It was the morning of New Years Eve 2013 and the normally very amiable Ryan Nicodemus from The Minimalists has just laid down the law with me. I’ve been advised in his kind, but firm mentoring voice that in our next catch-up, something must be removed. It was time to make a serious decision about eliminating one of my many commitments. Studying not one, but two degrees, working part-time, setting up a freelance writing business and trying to jam a fitness and social life in had taken its toll. Amidst the over-achieving clutter of my life, I managed to rummage around and find enough semblances to ping the ‘good-looking’ half (Ryan’s words) of The Minimalists an email. Slowly drowning in an ocean of to-do lists, I needed a life raft, pronto.
The ‘areas of change’ Nicodemus focuses on are: career, personal freedom, simplicity, and habits. I was overcooked in all of them.
Minimalism is by no means a new trend. Gypsies, remote tribes and many nomads lead minimalist lifestyles. Moving towards minimalism is not about quitting your job, donating all your clothes and living in a studio apartment with a spatula and a fold-up-bed-come-sofa. Rather, it is mindfully removing what is no longer serving you, to make space for what you truly need and how you really want to live your life.
The hardest thing? Knowing where to start and the heartache of letting go of ‘stuff’.
Firstly, I had to get real. As a female in today’s society we have considerable expectations to be highly functioning. For me, I had cultivated a superior facade. Juggling competing priorities, I had a spectacular meltdown in December and spent a couple of weeks reassessing my position. By enlisting my minimalist mentor, I spent time tackling each aspect of my life and the desired outcome I wanted to feel in each.
As a result, this is my seven-step guide to becoming a minimalist and maximising your life:
- Keep a schedule of everything you do for one week. From grocery shopping to Facebook and watching reruns of Sex and the City, look at each activity and ask yourself: what is the outcome you desire from each? How is each thing you do adding value to your life?
- De-clutter one room at a time. Don’t make the fatal mistake of deciding to spring clean the whole house. It’s an overwhelming and massive job. Pick one room, decide what to donate or discard, then store hard-to-decide items.
- Make it a project. Allocate one month to seeing how much of your home you can de-clutter. Start with easier rooms and move to the hard to tackle ones, you’ll gain momentum this way.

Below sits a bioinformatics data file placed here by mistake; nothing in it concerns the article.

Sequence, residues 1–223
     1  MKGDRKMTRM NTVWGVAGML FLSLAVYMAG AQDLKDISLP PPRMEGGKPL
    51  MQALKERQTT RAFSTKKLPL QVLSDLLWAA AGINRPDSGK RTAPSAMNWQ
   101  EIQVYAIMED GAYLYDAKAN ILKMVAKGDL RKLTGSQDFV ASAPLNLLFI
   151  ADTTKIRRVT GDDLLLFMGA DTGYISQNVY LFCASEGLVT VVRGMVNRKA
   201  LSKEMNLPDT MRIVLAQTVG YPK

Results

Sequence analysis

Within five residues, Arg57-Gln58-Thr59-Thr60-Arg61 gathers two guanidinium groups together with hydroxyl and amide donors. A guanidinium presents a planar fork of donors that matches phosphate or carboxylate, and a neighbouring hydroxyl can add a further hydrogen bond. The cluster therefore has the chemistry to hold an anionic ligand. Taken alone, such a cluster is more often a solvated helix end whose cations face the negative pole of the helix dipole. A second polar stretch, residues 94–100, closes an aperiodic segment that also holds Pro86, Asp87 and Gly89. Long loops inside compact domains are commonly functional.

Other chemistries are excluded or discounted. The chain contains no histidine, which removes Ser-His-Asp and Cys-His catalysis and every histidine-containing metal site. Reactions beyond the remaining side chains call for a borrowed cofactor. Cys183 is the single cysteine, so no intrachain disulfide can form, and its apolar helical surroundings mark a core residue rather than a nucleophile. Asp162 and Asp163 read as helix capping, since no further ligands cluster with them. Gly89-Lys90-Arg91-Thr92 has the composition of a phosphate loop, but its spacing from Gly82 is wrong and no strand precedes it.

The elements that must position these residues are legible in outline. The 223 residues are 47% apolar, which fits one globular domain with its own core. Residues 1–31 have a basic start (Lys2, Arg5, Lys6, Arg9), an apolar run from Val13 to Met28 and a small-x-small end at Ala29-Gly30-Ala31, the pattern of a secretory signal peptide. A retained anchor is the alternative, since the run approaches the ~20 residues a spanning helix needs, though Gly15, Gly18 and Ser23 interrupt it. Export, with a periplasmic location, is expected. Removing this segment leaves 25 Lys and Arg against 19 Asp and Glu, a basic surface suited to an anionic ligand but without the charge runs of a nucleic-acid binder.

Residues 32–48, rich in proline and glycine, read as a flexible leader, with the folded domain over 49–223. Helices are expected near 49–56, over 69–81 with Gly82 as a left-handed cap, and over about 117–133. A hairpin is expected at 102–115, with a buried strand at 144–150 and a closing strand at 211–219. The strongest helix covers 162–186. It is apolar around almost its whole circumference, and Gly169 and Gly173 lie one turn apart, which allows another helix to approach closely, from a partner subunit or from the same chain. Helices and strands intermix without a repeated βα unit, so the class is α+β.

- Experiment with living with less. Ryan told me that he had a ‘packing party’ where all his possessions were packed up and over a three-month period, he could only unpack things he needed to use. This is radical, and could be fun. On a smaller scale, you could try cutting down your TV time and increase spending time with family or friends.
- Wear less. No, I’m not advocating you strut around naked but we’ve all heard the saying we wear 20% of what we own? How about just that? For one month, try sticking to 20% of your wardrobe and see if you miss wearing your unused clothes.
- Digital detox. Incorporate offline time. Even if it is one day a week to start with, and just social media. Or even a few hours a day. A small digital sabbatical everyday could help you incorporate that run, coffee with friends, read a book or just relax.
- Join or create a Minimalist group. I’m part of a Minimalist meet-up in Melbourne and every fortnight we catch up and discuss a particular topic. Things like money, habits, and productivity are all experiences we’ve battled with. Through our sharing and encouragement of projects, we collectively inspire and pool resources.
In terms of where I am at right now, through various experiments and creating ‘minimalist’ projects – I’ve culled 50% of my wardrobe, am now studying and freelancing full-time (I got clear on my purpose), and sold a whole heap of unwanted items on eBay (and started paying down my credit card). But the biggest one? I rediscovered a whole new way to lead a lighter life, by letting go of everything weighing me down.
Are you a minimalist? What helped you make the change? Would you ever consider trying minimalism?
If you’re interested in minimalism, the following resources may be helpful to you: